The Meadowlands Grand Prix was a CART IndyCar race held at the Meadowlands Sports Complex in East Rutherford, New Jersey from 1984 until 1991. The event was the first major auto race in the New York City metropolitan area since the 1937 Vanderbilt Cup,[1] and came with high expectations, including the potential of rivaling the Indianapolis 500 in stature, and crowds of up to 60,000.[2][3]

After only eight years, and two separate course layouts, the event proved to be unpopular and a money-loser. Both course layouts were criticized, and the event is generally regarded as one of the worst CART races in the series' history. Despite its negative legacy, the event holds some distinctions, including a notable late-race duel between Al Unser, Jr. and Emerson Fittipaldi in 1988, and the milestone final victory for Cosworth in 1989.


In 1982, Formula One announced a race in the New York City area for the 1983 season.[4] However, the race, which was to take place in Flushing Meadows-Corona Park, was first postponed, then canceled.[5] At the same time, CART and the Meadowlands Sports Complex in East Rutherford, New Jersey, with the help of Long Beach promoter , announced a race for the 1984 season.[2] The race would take place on a 15-turn, 1.682-mile (2.707 km), temporary road course set up in the parking lots around Giants Stadium.

The inaugural event's purse of $536,000 made it the richest race in CART history apart from Indianapolis.[6] The race carried high expectations, was televised nationally, and came on the heels of high-profile successes at former Formula One events in Long Beach and Las Vegas. A crowd of 50,000 was expected.[3] During practice and qualifying, drivers criticized the tight nature of the course.[7][8] The race began on a damp track, and Mario Andretti led all 100 laps to win.[9] Despite the rainy weather, 34,388 spectators watched the race.[6]

The 1985 event saw better weather and better attendance, but still fell short of expectations.[10] The organizers signed a 3-year contract to continue the race, but the circuit's parking lot nature, giving neither the park-like setting of a natural terrain road course nor the atmosphere of a downtown street race, began to draw criticism from drivers and journalists.[11] In 1988, officials changed the layout to a 1.217-mile (1.959 km) semi-oval layout surrounding Brendan Byrne Arena in an attempt to improve competition and sight lines for spectators, and the race attracted a record 45,025.[12] In addition, new race sponsor Marlboro offered a $1 million bonus for any driver who could win at the Meadowlands, Michigan, and the Marlboro Challenge in Miami in the same season;[13] no driver would ever win the bonus.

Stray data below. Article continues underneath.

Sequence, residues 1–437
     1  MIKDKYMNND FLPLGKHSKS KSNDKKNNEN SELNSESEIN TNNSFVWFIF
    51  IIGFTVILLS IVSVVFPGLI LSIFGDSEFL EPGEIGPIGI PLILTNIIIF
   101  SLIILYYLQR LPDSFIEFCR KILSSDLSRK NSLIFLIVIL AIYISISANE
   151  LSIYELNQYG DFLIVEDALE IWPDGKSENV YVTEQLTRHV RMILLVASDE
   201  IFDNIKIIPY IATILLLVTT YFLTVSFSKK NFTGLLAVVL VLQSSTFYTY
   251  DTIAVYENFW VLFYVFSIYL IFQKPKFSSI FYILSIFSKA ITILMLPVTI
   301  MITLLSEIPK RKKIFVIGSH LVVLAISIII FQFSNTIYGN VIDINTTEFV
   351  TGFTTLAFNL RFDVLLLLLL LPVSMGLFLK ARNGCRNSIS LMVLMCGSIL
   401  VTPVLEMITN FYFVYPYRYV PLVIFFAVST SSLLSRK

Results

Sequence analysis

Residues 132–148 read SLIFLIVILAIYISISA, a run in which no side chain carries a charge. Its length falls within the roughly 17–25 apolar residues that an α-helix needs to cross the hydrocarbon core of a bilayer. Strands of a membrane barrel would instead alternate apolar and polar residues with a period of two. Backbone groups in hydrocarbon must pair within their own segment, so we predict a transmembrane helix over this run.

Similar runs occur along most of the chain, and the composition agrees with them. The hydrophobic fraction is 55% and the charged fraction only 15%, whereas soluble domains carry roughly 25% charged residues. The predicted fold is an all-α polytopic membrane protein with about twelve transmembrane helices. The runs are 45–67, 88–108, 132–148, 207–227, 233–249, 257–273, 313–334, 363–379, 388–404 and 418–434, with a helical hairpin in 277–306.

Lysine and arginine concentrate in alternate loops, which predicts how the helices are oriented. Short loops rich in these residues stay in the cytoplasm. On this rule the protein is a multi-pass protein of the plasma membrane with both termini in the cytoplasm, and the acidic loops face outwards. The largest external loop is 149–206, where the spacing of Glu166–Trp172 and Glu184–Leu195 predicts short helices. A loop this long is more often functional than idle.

Despite the new layout and increasing purses, attendance dipped and the race failed to turn a profit.[14] The promoters considered moving the event to Washington, D. C., Miami, or Englishtown, New Jersey. The race was eventually scheduled for 1992 on a circuit in Manhattan on the roads surrounding the World Trade Center and West Street. The race was postponed until 1993 then cancelled due to cost and conflicts between sponsor Marlboro and Mayor David Dinkins' anti-tobacco advertising policies.[5][15]

Race winners

Year Date Winning Driver Chassis Engine Team Race title Report
1984 July 1 United States Mario Andretti Lola Cosworth Newman-Haas Racing Meadowlands Grand Prix
1985 June 30 United States Al Unser, Jr. Lola Cosworth Doug Shierson Racing Meadowlands United States Grand Prix